HPE, Extreme Networks working to address five vulnerabilities in widely used network switches
Hewlett Packard Enterprise (HPE) and Extreme Networks are in the process of fixing five vulnerabilities affecting multiple models of Aruba and Avaya network switches used by businesses, schools, hospitals, government agencies and other organizations around the world.
The devices are pivotal pieces of infrastructure that connect individual computers, servers, printers, cameras and other devices across networks. The bugs could allow attackers to break into multiple machines and possibly exfiltrate data, said Barak Hadad, head of research in engineering at security firm Armis.
Hadad reported Tuesday that the vulnerabilities — labeled TLStorm 2.0 as a group — stem from issues with NanoSSL, a popular library for the network security protocol known as Transport Layer Security.
“The exploitation of these remote code execution vulnerabilities can lead to breaking of network segmentation, allowing lateral movement to additional devices by changing the behavior of the switch, data exfiltration of corporate network traffic or sensitive information from the internal network to the internet [and] captive portal escape,” Hadad wrote.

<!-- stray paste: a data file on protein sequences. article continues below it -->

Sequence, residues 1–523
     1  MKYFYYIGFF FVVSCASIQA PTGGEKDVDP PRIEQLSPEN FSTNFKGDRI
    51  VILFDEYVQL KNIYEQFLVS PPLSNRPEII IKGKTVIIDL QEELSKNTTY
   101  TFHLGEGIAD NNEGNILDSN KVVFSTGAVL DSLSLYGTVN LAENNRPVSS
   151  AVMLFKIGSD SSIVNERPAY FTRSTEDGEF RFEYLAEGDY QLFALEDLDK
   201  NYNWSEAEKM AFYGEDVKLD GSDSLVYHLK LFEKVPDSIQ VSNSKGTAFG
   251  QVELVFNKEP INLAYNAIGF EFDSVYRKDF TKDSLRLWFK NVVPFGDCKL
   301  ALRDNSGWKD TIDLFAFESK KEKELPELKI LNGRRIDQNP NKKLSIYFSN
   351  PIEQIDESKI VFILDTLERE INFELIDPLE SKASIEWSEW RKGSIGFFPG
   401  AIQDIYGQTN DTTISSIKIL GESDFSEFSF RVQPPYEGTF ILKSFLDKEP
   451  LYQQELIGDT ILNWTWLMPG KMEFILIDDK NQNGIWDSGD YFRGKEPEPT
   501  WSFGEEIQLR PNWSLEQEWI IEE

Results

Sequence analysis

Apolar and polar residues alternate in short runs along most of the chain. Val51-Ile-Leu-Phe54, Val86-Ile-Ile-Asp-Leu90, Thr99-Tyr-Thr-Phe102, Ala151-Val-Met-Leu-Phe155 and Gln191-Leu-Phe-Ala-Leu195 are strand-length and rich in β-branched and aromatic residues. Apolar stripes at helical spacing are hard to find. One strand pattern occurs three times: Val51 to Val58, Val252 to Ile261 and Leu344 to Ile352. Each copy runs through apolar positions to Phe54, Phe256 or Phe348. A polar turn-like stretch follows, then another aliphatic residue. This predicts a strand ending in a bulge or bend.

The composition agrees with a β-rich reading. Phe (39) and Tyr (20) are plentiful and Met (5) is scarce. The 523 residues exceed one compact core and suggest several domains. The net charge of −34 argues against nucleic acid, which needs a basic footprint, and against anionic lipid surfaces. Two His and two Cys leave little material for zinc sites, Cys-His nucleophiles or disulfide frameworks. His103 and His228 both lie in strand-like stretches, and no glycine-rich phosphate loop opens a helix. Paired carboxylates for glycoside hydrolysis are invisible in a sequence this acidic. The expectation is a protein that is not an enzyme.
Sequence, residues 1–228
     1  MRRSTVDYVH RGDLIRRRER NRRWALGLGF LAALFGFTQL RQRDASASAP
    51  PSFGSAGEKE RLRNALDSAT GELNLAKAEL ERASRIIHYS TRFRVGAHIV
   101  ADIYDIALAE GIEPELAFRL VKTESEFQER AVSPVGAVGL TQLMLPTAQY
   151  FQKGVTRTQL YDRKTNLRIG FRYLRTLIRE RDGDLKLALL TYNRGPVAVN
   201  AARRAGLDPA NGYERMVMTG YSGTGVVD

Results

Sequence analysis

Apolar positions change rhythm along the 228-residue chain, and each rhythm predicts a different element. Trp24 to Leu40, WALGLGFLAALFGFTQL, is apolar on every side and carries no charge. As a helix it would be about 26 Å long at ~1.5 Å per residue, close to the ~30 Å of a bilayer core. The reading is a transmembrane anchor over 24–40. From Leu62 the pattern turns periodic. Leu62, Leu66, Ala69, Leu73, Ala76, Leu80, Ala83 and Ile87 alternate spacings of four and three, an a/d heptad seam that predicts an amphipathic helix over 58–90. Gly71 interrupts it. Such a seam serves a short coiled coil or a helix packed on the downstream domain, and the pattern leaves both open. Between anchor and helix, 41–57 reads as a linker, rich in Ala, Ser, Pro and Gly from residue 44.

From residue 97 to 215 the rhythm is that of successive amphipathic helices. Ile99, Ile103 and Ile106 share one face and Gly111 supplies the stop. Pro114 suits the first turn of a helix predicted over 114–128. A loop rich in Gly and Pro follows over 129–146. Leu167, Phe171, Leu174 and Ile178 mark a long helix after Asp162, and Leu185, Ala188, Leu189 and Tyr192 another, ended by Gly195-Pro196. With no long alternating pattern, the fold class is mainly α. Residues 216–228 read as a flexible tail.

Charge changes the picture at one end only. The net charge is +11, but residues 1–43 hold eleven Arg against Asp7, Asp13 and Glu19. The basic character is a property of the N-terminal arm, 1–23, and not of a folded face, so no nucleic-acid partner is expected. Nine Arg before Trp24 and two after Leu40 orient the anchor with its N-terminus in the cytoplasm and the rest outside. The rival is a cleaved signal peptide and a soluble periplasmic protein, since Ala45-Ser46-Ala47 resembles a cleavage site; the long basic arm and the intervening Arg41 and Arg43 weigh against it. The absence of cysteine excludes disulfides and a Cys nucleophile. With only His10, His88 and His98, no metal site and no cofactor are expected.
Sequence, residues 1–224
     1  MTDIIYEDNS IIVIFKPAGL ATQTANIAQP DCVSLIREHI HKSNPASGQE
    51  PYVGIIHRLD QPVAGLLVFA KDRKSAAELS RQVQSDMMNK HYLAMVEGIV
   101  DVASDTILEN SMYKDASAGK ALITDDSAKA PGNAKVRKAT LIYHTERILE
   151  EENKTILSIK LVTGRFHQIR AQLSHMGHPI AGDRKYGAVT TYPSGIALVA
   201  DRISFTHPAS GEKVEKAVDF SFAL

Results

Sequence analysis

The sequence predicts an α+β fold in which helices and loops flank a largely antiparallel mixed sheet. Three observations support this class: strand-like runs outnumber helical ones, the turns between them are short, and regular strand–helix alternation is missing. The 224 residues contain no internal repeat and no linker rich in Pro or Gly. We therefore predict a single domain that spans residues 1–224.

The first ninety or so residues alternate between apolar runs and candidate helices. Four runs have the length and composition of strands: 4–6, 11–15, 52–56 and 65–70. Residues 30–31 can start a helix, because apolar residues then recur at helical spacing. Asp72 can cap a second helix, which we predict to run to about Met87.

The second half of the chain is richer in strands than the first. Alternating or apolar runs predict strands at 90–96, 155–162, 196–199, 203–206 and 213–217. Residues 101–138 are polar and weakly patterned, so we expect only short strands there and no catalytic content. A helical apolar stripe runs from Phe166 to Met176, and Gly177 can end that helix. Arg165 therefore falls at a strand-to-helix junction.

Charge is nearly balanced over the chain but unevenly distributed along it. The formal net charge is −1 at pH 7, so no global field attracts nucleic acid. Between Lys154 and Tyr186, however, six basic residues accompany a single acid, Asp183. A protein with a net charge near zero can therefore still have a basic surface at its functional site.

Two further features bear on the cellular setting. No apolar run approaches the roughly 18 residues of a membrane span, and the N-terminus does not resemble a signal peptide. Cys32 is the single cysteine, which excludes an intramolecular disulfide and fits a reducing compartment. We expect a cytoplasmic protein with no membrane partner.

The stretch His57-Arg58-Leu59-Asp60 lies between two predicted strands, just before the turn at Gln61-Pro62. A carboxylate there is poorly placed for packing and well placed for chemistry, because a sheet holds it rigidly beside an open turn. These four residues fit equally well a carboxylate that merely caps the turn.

Aruba is owned by Hewlett Packard Enterprise and Avaya is owned by Extreme Networks. Both companies’ network switches use NanoSSL.
Avaya’s ERS3500 Series, ERS3600 Series, ERS4900 Series and ERS5900 Series are affected by the vulnerability. Aruba’s 5400R Series, 3810 Series, 2920 Series, 2930F Series, 2930M Series, 2530 Series and 2540 Series also are affected.
Hadad noted that there is no indication the vulnerabilities have been exploited.
HPE spokesperson Adam Bauer told The Record that HPE is aware of the issue and is “working on a firmware update to address it.”
“In the interim, we are advising customers using affected products to implement firewall controls to protect themselves,” Bauer said.
“We are not aware of any exploitation of this vulnerability involving Aruba customers.”
Hadad laid out two different attack scenarios. One involves using the vulnerabilities to exploit captive portals, which allow access to the internet or to the internal corporate network.
“Using the TLStorm 2.0 vulnerabilities, an attacker can abuse the captive portal and gain remote code execution over the switch with no need for authentication. Once the attacker has control over the switch, he can disable the captive portal completely and connect freely to the corporate network,” he said.
The second scenario involves using the vulnerabilities to break network segmentation, which restricts how certain users can move around. Guest users and corporate users might be limited to separate virtual local area networks, for example.
“Using the TLStorm 2.0 vulnerabilities, an attacker is able to take control of the core switch and move from the guest virtual local area network to the corporate virtual local area network,” Hadad noted.
The research shows that “network segmentation alone is no longer sufficient as a security measure,” he said.